Aldo Costa insists he is “sorry” to see his old team Ferrari struggle in formula one.
Amid an earlier dip in the fabled Maranello team’s form, the 53-year-old was ousted by Ferrari in 2011 and he joined Mercedes, who are now utterly dominating the sport.
“Comeback? Actually I am fine where I am,” said Costa, who although based at Brackley is currently holidaying in his native Italy.
“Ferrari — do we have to talk about it?” he told Ferrari insider Leo Turrini in his Quotidiano blog.
“Write, then, that I am sorry. Honestly.
“I’m an emiliano (from the Emilia-Romagna region) and I worked for a company that is a myth. It cannot please me to see the level they are working now in formula one, even though they sent me off in a way that I wouldn’t describe as exactly elegant.
“That said, I don’t think Mercedes’ problems in 2015 will come from the Rossa (reds). We’re worried about Red Bull, who have proved and are proving to have an extraordinarily fast reaction.”
Asked what he thinks Ferrari’s main problems are, Costa replied: “It is not absolute — it is my opinion. But very serious mistakes were made in the strategic vision.
“An example: in 2008, we in the racing team thought it essential to have a new wind tunnel to remain competitive. We were told there was no need.
“In Ferrari, all the strategic decisions were always made by (Luca di) Montezemolo. He took them when Ferrari triumphed and when Ferrari ceased to triumph. Just to be clear.”
When Costa was ousted, however, it was rumoured that it had come at the behest of Ferrari’s number 1 driver, the influential Fernando Alonso.
“I do not believe Alonso was out to get me,” he insisted. “In the car, I consider him to be a great. Out of the car, I was never able to understand him — to me he is an inscrutable, enigmatic character.
“I don’t think we will see him at Mercedes. I don’t see why Hamilton would leave a team like ours,” added Costa.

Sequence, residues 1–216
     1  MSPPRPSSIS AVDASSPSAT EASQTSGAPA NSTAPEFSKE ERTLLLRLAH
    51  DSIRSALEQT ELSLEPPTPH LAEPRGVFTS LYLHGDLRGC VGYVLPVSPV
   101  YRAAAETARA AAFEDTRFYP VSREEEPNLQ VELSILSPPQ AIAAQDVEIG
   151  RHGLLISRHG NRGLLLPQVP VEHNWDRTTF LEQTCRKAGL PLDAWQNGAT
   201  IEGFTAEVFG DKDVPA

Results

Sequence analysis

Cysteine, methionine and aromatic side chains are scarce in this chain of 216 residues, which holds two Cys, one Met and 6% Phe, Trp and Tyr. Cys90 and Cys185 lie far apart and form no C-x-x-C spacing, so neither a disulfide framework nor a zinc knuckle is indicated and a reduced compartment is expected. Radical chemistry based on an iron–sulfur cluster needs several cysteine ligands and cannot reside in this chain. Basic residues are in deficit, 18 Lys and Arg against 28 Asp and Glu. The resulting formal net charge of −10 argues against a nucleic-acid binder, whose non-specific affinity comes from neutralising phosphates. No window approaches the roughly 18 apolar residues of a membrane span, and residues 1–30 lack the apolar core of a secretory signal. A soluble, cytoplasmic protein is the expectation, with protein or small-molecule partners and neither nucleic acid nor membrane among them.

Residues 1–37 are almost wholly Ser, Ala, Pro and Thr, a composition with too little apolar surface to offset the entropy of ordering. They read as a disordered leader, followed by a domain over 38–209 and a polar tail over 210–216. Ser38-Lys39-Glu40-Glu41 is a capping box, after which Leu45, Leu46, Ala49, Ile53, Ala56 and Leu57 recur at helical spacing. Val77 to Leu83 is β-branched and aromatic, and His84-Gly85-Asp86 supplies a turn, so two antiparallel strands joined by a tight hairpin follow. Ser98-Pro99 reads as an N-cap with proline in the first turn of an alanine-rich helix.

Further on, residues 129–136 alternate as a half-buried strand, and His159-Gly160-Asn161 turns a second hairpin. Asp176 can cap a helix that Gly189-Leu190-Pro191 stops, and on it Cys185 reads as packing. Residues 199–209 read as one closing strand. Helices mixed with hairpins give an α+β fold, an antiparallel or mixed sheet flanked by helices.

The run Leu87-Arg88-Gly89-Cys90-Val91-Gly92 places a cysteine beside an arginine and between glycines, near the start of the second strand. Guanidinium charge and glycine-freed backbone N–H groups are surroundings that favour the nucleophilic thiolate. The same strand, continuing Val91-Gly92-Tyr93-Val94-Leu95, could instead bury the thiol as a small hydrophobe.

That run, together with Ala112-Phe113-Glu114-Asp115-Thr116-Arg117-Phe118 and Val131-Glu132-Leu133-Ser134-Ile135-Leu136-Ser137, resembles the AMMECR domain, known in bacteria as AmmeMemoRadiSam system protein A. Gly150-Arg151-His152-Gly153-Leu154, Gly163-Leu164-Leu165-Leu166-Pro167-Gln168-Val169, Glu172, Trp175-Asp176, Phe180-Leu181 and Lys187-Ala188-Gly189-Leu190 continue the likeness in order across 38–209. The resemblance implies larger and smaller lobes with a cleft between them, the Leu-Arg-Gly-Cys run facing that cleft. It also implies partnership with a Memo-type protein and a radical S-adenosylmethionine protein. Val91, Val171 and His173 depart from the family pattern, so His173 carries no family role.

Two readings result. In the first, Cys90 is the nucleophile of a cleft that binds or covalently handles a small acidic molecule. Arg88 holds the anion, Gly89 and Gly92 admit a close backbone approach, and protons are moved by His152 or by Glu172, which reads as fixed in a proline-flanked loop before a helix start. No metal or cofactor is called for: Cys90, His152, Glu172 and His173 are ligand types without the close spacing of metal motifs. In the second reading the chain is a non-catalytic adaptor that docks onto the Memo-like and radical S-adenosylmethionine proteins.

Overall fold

Clearly, the manner of Costa’s Ferrari departure still rankles. When asked about Nikolas Tombazis, Costa recalls rumours that his own presence was stifling the Greek designer’s creativity.
“After I left his (Tombazis’) imagination must have been freed,” Costa said, “with results that are before everyone’s eyes, no?
“(Stefano) Domenicali? There is no resentment, sometimes we write a text message. Ferrari belongs to his past and to mine, and (Luca) Marmorini’s and many others.”
Actually, Costa has no need for resentment, as his career at Mercedes has culminated in a period of success rarely obtained in the highly-competitive world of formula one.
“Professionally it is a happy time,” he agreed, “and I’d be a liar to deny to you that I feel a deep satisfaction.
“In Mercedes there are twelve Italians; twelve engineers in the team. I recruited them myself — some from Ferrari, others straight from university. We are a small ‘tricolore’ colony within a multinational.
“Now I’m already working on the 2015 project in a normal way, as are all those who do my job.
“I will not come to any more races this season — at most maybe in Belgium or Monza, then my priorities are elsewhere,” said Costa.